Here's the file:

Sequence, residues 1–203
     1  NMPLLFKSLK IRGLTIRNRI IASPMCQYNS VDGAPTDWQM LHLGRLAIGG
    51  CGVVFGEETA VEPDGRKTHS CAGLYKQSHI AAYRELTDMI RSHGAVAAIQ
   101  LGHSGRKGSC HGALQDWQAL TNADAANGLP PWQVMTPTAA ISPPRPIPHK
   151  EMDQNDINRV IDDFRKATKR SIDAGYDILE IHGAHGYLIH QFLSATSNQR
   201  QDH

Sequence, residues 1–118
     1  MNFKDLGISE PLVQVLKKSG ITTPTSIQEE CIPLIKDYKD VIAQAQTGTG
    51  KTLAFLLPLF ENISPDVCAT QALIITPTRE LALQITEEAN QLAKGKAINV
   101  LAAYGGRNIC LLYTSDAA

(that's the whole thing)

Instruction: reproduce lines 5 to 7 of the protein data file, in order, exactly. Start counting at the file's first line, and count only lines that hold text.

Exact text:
   151  EMDQNDINRV IDDFRKATKR SIDAGYDILE IHGAHGYLIH QFLSATSNQR
   201  QDH

Sequence, residues 1–118